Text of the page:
The passage of time has brought the deaths of long-time members who contributed much to the success and growth of the club and to the progress of Rotary in Colorado Springs. The last surviving Charter Member, Roy A. Davis, District Governor 1926-1927, holder of many Club offices, State Senator,  Legislator and prominent businessman, died August 20, 1997. Dr. George W. Bancroft, Club President 1946-1947, died May 30, 1979. Finally, Lester R. Howard, Club President 1936-1937 and Secretary for 30 years, 1936-1968, who promoted the formation of additional clubs in the Pikes Peak area, died October 8 1979. Throughout the decade of the seventies, members of the Rotary Club of Colorado Springs continued to be active in public service and prominent on the boards of the principal charitable and social service organizations in the community. Significant contributions to the Pikes Peak area continued, mainly through our Rotary Service Fund. The major annual programs were the Boy Scouts Scout-O-Rama and Christmas Unlimited. Support of projects providing Christmas gifts for children started in 1923 and has continued to this day. The Christmas Unlimited activity started with its organization in 1947. Other important community projects were the purchase of an AmbliCab, a van modified to carry persons in wheel chairs, manikins for use in Red Cross First Aid courses, picnic tables for Antlers Park and benches for Alamo Plaza, the Physical Fitness Trail in Monument Park, and similar work. Perhaps the club's most interesting project during this period was a joint effort by District 547, the Rotary Club of Colorado Springs, and a few other clubs in this part of the District. Funds were provided to purchase radio equipment for the U.S. Army MAST helicopters, stationed at Fort Carson, to enable them to communicate with State Patrol, police and county sheriffs during their rescue and evacuation flights. One of the first such missions was to remove club member Dr. William G. Shaner, who had suffered a broken leg while climbing Mt. Yale. By means of the radio equipment provided by Rotary, the Chaffee County Sheriff guided the MAST helicopter to the scene and was able to arrange a nighttime helicopter evacuation with the assistance of volunteers who indicated the route to Buena Vista with automobile headlights. Beginning in the 1980,s the club supported the hospice program to assist terminally ill persons. In 1986, the club launched a Character Education Program, beginning with Wasson High School and its feeder elementary and junior high schools in District 11. The club gave $25,000 to finance this initially, in the hope that with this catalyst the moral and civic education could be given needful attention in an ever-widening group of schools. In the late 1980s, the club gave considerable support to Rotary International's Polio Plus program to wipe out polio throughout the world. To provide additional financing for such projects as have been described above and to contribute to the Colorado Springs Pioneer Museum, the club began in 1985 to cosponsor with the Colorado Springs Fine Arts Museum annual Artists of the Rockies exhibit and sale of western art. Beginning with an opening-night gala, the exhibit ran for a month. Interest in international activities continued to be an important part of the club's program. Many of these international projects were sponsored by The Rotary Foundation on the District level. Several local college students named by the club were selected to be Rotary Scholars. The club also maintained contact with foreign students attending Colorado College and supported the Group Study Exchange Program. The club's affiliation with the Fuji-Yoshida Rotary Club led to the construction of the Japanese Garden. An important achievement was the establishment of the Pikes Peak Area Rotary Endowment. This was initiated by our Club but was open to all Rotary Clubs in the area. Its purpose was to accumulate an endowment fund, the income from which will be used for charitable and educational projects sponsored by local Rotary Clubs.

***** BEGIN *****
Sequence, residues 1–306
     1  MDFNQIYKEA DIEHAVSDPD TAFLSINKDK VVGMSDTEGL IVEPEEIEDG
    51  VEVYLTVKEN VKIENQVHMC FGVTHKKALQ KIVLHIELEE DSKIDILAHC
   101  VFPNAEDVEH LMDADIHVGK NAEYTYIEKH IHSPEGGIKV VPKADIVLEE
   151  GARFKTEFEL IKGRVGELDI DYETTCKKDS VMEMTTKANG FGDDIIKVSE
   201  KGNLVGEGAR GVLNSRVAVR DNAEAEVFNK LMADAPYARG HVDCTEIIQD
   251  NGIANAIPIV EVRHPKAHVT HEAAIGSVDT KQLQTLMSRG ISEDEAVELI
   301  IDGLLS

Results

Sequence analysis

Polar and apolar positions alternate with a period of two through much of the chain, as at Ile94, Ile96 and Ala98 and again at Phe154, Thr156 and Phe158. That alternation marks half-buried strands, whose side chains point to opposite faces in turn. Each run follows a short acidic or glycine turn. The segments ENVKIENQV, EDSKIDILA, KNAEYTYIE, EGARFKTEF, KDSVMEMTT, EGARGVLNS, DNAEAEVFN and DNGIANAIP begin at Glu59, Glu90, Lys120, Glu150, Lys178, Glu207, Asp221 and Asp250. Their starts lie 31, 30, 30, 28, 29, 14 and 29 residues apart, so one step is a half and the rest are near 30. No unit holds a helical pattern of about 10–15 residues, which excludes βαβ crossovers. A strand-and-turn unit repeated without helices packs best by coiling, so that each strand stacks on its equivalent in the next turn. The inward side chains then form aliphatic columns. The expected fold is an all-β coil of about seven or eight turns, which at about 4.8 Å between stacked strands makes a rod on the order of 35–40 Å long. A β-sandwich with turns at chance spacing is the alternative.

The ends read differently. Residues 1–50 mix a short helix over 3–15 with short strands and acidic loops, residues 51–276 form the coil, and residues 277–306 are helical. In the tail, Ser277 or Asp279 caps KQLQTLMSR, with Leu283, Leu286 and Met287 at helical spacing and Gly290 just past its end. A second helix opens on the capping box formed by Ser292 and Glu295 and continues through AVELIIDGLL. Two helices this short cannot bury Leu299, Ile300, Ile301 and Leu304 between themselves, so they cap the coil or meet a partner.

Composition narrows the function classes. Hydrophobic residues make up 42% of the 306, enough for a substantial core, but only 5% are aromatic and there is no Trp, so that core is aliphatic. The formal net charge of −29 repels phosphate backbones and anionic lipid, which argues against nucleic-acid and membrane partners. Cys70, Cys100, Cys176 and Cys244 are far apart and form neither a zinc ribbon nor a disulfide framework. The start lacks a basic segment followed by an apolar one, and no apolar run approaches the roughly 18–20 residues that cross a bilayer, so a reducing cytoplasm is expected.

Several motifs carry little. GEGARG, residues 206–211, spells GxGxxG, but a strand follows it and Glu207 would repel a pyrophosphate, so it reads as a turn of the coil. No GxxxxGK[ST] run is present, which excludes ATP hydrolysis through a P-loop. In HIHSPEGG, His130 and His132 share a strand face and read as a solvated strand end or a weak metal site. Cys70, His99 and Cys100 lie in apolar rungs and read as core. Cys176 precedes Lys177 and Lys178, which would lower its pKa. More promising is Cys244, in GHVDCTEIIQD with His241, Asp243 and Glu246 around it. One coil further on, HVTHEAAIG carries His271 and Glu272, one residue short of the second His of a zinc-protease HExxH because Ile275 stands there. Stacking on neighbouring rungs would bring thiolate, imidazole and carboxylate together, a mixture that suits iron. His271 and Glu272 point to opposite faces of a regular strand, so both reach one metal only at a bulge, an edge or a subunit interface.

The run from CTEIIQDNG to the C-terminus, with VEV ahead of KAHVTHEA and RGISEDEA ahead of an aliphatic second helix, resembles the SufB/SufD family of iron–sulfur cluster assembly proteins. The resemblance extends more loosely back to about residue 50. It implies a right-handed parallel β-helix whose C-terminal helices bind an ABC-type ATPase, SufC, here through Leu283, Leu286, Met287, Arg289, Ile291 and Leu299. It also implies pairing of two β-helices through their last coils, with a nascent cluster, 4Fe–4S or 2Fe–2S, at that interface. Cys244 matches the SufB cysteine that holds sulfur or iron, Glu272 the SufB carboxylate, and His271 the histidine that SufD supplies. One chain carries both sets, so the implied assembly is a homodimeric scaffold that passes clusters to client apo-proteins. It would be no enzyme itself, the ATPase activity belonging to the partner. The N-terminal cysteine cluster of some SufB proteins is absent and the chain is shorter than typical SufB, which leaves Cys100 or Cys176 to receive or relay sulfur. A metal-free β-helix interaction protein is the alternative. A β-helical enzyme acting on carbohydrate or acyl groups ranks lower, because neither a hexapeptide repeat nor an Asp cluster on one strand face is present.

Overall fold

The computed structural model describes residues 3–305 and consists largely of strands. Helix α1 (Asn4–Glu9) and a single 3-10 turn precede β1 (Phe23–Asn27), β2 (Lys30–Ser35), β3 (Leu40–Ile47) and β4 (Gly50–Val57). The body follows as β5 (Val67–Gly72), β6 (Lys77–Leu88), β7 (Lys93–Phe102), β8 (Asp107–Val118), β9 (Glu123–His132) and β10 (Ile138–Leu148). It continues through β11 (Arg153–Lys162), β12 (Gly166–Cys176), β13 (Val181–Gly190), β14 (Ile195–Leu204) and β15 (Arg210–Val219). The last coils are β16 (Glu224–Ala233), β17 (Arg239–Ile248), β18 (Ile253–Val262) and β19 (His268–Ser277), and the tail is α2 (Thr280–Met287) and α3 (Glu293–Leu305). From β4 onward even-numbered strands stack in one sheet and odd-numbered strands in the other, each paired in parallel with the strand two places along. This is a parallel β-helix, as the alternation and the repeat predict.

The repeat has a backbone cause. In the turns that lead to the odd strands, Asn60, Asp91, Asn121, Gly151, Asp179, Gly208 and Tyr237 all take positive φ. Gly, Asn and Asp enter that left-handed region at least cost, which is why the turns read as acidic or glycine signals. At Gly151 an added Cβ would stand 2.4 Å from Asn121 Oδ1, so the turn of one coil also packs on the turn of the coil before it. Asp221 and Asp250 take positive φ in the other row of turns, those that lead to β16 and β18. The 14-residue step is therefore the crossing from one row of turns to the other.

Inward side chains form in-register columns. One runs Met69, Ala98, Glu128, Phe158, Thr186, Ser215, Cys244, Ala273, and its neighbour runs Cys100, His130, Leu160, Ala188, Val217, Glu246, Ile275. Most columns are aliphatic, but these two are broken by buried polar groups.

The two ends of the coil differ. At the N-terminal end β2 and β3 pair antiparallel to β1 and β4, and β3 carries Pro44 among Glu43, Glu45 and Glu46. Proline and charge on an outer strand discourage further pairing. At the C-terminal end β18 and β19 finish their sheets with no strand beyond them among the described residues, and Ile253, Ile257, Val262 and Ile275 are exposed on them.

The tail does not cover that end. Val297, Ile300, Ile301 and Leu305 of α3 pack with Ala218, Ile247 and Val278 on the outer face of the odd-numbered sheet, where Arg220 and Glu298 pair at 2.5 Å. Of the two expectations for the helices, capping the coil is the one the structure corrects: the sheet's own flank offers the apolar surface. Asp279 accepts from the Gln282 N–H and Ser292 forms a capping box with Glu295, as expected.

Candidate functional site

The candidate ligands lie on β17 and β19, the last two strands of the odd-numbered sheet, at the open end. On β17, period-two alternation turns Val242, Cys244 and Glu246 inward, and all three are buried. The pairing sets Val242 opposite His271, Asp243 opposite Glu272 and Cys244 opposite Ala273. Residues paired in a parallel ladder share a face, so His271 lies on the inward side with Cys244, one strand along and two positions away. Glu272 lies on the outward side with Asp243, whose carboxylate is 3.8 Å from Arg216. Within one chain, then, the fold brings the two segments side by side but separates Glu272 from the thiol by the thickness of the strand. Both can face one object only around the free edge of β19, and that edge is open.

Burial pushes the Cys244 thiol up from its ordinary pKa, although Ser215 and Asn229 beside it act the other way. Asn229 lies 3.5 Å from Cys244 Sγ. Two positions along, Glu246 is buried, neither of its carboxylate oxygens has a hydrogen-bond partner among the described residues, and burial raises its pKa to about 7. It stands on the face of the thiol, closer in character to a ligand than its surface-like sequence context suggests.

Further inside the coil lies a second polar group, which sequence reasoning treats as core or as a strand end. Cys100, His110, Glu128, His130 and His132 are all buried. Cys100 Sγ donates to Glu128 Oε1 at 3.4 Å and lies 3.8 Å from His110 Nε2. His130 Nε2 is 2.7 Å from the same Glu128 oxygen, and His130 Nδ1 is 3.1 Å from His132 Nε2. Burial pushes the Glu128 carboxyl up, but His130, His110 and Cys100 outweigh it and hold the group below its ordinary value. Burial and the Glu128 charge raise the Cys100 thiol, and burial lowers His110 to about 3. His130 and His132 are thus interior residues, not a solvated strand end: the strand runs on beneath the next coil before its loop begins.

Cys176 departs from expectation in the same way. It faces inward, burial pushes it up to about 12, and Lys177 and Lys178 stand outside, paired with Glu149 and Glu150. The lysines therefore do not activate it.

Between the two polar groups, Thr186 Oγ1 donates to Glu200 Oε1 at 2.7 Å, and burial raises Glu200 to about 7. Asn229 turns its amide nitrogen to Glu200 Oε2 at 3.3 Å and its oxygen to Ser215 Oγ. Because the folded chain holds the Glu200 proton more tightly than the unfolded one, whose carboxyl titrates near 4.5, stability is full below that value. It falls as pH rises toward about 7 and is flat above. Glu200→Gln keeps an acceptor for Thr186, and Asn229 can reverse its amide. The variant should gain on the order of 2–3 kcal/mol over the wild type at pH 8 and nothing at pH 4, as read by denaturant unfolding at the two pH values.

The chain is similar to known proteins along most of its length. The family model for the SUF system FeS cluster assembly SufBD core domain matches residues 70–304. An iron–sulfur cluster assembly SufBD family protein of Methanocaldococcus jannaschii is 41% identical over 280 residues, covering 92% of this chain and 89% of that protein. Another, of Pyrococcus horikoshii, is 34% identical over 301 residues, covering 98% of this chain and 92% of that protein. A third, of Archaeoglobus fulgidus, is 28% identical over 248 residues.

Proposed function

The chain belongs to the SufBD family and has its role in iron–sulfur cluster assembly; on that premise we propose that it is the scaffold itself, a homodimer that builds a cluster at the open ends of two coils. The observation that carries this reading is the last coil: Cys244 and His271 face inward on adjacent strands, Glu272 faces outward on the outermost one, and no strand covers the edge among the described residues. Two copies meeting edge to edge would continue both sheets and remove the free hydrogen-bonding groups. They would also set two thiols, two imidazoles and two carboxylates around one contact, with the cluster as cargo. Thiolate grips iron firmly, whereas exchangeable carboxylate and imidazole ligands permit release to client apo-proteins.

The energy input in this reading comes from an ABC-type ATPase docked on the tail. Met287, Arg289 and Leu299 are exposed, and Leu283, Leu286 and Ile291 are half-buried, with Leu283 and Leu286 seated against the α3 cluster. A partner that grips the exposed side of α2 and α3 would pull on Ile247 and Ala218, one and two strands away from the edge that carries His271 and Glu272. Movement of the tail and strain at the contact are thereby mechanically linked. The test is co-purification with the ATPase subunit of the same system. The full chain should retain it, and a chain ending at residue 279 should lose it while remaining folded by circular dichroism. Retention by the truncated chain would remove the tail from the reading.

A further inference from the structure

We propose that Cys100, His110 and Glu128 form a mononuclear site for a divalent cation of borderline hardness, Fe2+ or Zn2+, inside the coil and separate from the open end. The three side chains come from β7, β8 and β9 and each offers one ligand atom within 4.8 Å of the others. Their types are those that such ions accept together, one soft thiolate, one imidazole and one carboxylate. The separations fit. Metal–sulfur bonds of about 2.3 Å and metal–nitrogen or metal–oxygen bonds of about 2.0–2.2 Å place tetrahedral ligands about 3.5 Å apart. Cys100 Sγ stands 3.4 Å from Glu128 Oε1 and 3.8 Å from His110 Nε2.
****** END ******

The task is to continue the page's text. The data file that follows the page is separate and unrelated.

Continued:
Quality membership has always been a major emphasis of the club as members have strived to attract and retain outstanding citizens and community leaders while recognizing the importance of age and occupational distribution. In 1987, Rotary International voted to admit women members, a position which the Rotary Club of Colorado Springs quickly embraced. Shortly thereafter, Sister Myra James Bradley became the club's first female member. Polio Plus was established aroundsame time, and each club in the world was challenged to participate. Harlan Ochs accepted that challenge for the club and a goal of $39,000 was exceeded by over $2,000 in a few weeks. The 1988-89 Rotary year saw the development of a new expanded format for the Pikes Peaker Bulletin. As the club entered the 1990s annual giving through the Service Fund had reached the $18,000 range with many new community needs being met. Jim Mundt's tour as President began in January 1990 after Kirt Mertger was transferred to Texas. This was the club's 75th Anniversary year, and a banquet was held in honor of the event. Jim reported it was a successful year due in large part to the efforts of Hugh Funkhouser as the Executive Director, and the wonderful people who served on the Board of Directors. Interesting habitats for the less successful members of the community were discovered as the membership successfully completed a cleanup project along 1-25. In 1991, the first of several Zoofests was held to benefit the Cheyenne Mountain Zoo and involve the members of all the Colorado Springs Rotary Clubs. Adna Wilde spearheaded the development of a collector's coin program called the Colorado Historical Series of .999% pure silver commemorative coins to benefit the Pikes Peak Rotary Endowment. Rotary Year 1994-95 began with a changeover in the organization's professional leadership. Hugh Funkhouser decided on his retirement from the position of Executive Director, and the Club engaged Bob Elliott as the club's Executive Secretary. A wonderful club meeting social paid homage to and poked good-natured fun at Hugh Funkhouser. It was enjoyed by all. The club's leadership had embarked on a mission to undertake a new hands-on-project. It sought contact with a nonprofit agency doing good work in our community. The club found Beth Haven, a home for the chronically mentally ill, as an agency that could use our help. The agency had been receiving dollars from the Rotary Service Fund, but in this case they needed more than just dollars. The agency was in the process of renovating a wonderful old home once owned by Fannie Mae Duncan into a residential facility for 24 chronically mentally ill residents. It needed money, it needed Rotary scrounging, and it needed the sweat the club could provide. Bob Elliott accepted the position of Project Coordinator for the Beth Haven project. Club funds went into commercial washers and dryers for the home's laundry, and members' scrounging resulted in furniture, carpet, fixtures, and linens. The sweat was also provided in abundance by club members, doing landscaping and move-in activities so that the house could open on time. It was truly a wonderful getting-together of the club's members to perform good works. The Beth Haven Project was named, "The Outstanding Hands-On-Project" in R.I. District 5470. An outgrowth of this project was the house was named, "The Fannie Mae Duncan House" in tribute to its former owner, one of the city's African-American pioneering ladies who provided accommodations for many black entertainers who could not stay in local hotels. As a follow-up to the Beth Haven project, Fannie Mae Duncan was inducted as an Honorary Member of the Rotary Club of Colorado Springs. There was no Art Show during the 1994-95 year, deliberately so. Club leaders elected to maintain the Art Show but to change its form. A major plan was in process to find a collaborative partner for the Art Show, and that partner was found in the local Junior Achievement organization that who would provide many hours of volunteer time to ensure the Art show's success. Another project that was in the planning stage was the club's involvement in literacy. Ross Harrop was assigned to develop in conjunction with School District 11, a hands-on literacy program that would involve members of the club. It became known as Read-to-Succeed, and was to kick off in the 1995-96 Rotary year. An international project begun by a club in Mexico to irradiate parasitic borne disease attracted attention in District 5470 and captured the heart of Luisa Graff who gave unselfishly of her energy and time, both here in planning and there in working. Vigorous activity occurred in the areas of Paul Harris Fellowship, attendance, and member recruitment---all of which attained their particular goals and objectives. Under the leadership of Mike McGrath, the Program Committee had a diversity of programs.